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Avoid getting married for the wrong reasons

Do we have to get married to be somebody? Do we have to get married to be emotionally fulfilled? Do we have to get married to gain spiritual favor with God? The answer to all these questions is no. Then, why are so many people getting married as if it is going out of style? It is my gut feeling that a significant number of individuals are seeking marriage for the wrong reasons. Believe it or not, they are not altogether to blame.

Parents and guardians often help create the mindset in our youth that life isn’t fulfilling without marriage. This starts from the cradle when the mother holds her son in her arms and repeatedly pronounces these unfortunate words, “I can’t wait for you to grow up, get married, and bring me some grandchildren,” or “I hope you grow up to be a good wife”. These phrases seem healthy and normal but, in reality, they are meaningless to developing children whose goals should not be marriage, but blossoming into a person with a well-balanced character. These tender children are gradually being robbed of the wholesome concept that the single life is a gift from God and a time to cherish and love. Forming character is more important than planning for marriage. Many are unfaithful stewards of their single life, thus plummeting themselves into marriage for the wrong reasons.

Understanding some of the wrong reasons for which people get married may help us to better know why some people are unfaithful stewards of singleness. Dr. Barbara De Angelis, in her book “Are You The One For Me?” states some of the wrong reasons to marry:

Pressure: This is the influence friends, family, society and your own psyche place upon you that give the message that you should be in a relationship, and if you’re not something is wrong with you. Key questions to ask would be: Are most of your friends a part of a couple but you are still single? Are you unmarried and over 30? Are you the last person in your family to “settle down”? Are you recently divorced? In our society, we can really heap lots of pressure on unmarried family members and friends. It is time that we leave them alone and learn to appreciate and value their singleness.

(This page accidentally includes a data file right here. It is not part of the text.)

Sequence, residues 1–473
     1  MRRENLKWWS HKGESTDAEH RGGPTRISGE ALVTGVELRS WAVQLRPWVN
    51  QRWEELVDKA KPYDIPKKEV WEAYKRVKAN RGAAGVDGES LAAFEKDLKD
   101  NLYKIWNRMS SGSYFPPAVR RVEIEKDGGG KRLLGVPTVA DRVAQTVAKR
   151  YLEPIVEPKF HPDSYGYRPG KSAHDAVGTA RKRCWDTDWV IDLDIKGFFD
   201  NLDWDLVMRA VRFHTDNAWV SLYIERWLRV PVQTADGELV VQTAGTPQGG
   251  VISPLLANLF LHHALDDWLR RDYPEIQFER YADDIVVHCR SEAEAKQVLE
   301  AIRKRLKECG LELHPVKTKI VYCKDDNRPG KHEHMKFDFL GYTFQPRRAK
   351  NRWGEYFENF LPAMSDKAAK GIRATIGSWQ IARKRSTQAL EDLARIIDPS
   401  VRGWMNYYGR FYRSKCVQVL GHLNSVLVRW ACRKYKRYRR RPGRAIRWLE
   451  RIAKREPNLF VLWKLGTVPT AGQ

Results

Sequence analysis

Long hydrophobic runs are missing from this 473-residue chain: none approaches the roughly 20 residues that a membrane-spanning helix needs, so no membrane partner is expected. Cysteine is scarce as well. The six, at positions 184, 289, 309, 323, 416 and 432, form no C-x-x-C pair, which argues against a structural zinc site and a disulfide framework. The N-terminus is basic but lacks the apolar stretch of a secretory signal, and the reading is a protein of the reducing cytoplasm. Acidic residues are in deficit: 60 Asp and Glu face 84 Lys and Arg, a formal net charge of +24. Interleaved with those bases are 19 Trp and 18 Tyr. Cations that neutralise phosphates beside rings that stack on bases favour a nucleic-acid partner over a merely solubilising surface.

Loneliness and desperation:
Too many individuals only get married because they are desperate or lonely. Dr. Angelis is right when she writes, “When you are feeling lonely or desperate, you are much more likely to make poor love choices and end up in unfulfilling relationships.” A lonely and desperate person will remain lonely after marriage. Some people are so emotionally empty that they are desperate for anyone to marry. In the end, these people end up in a painful relationship.

Sexual hunger:
Some people are so sexually driven that they end up seeking someone to care for them but, in reality, they want sex more than long-lasting intimate relationships. Some people act as if they are “on heat” like dogs, and during those times, they find a lover to share their passion. Sometimes the passion remains until the wedding day, but after the wedding day, it diminishes into the abyss of frustration and pain.

To avoid growing up:
This is a really big one in our country. There are too many people who enter marriage simply because they want to be taken care of. These people usually become emotionally dependent on those they love. This kind of relationship can usually be identified when there is a big age difference between partners, there is a big difference in financial and professional success and there is a big contrast in the level of life experience between the partners.

There are many who remain in a pre-marriage relationship because they are afraid of what may happen if they leave. They may feel guilty to leave because they did not treat the person as nicely as the person treated them. When you decide to be with someone out of guilt and not love, you are ripping them and yourself off.

To fill up your emotional and spiritual emptiness:
Dr. Angelis clearly writes, “If you have deep places of emptiness within you, no partner, regardless of how much they love you, will be able to fill that emptiness.”

There would be more successful marriages if people would take the time to know themselves first before they seek to explore the mind of someone else. It is very easy to mistake physical passion, or romantic infatuation, for genuine, long-lasting love. One of the whys to prevent getting married for the wrong reasons is not to date until you are ready for a romantic relationship that may lead to marriage. Why get seriously in love with someone and you have no intentions of getting married to that person? If the relationship is too long, there is a great risk of the relationship getting stale and the couple spending lots of time patching up bad feelings. When the time comes for marriage, they are more in love with love itself than with each other. They would have gotten married for the wrong reason. A great mistake young people make is that they never allow themselves to experience a significant period of their young life unattached. From the time they understand the meaning of the word love, they have serious relationships, which often cause them to expend their energy in extremely long telephone calls, sleepless nights and failing grades, loss of appetite, etc. Dear readers, avoid getting married for the wrong reasons.

• Barrington Brennen is a marriage and family therapist. Send your questions or comments to question@soencouragment.org, telephone 327-1980 or visit www.soencouragement.org.  

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